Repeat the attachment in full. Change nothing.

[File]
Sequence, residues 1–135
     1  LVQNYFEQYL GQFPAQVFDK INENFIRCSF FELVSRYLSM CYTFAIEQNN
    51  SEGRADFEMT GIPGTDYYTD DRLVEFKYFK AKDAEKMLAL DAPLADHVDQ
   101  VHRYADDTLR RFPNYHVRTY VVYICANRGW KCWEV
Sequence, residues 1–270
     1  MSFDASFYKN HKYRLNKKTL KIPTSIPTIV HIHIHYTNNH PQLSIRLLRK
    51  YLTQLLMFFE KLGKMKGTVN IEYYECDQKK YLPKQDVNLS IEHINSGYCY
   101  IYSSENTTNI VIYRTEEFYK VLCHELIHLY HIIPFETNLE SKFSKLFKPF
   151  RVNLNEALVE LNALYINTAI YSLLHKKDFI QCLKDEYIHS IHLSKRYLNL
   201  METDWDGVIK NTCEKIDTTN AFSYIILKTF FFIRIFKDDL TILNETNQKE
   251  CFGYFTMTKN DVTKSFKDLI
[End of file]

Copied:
Sequence, residues 1–135
     1  LVQNYFEQYL GQFPAQVFDK INENFIRCSF FELVSRYLSM CYTFAIEQNN
    51  SEGRADFEMT GIPGTDYYTD DRLVEFKYFK AKDAEKMLAL DAPLADHVDQ
   101  VHRYADDTLR RFPNYHVRTY VVYICANRGW KCWEV
Sequence, residues 1–270
     1  MSFDASFYKN HKYRLNKKTL KIPTSIPTIV HIHIHYTNNH PQLSIRLLRK
    51  YLTQLLMFFE KLGKMKGTVN IEYYECDQKK YLPKQDVNLS IEHINSGYCY
   101  IYSSENTTNI VIYRTEEFYK VLCHELIHLY HIIPFETNLE SKFSKLFKPF
   151  RVNLNEALVE LNALYINTAI YSLLHKKDFI QCLKDEYIHS IHLSKRYLNL
   201  METDWDGVIK NTCEKIDTTN AFSYIILKTF FFIRIFKDDL TILNETNQKE
   251  CFGYFTMTKN DVTKSFKDLI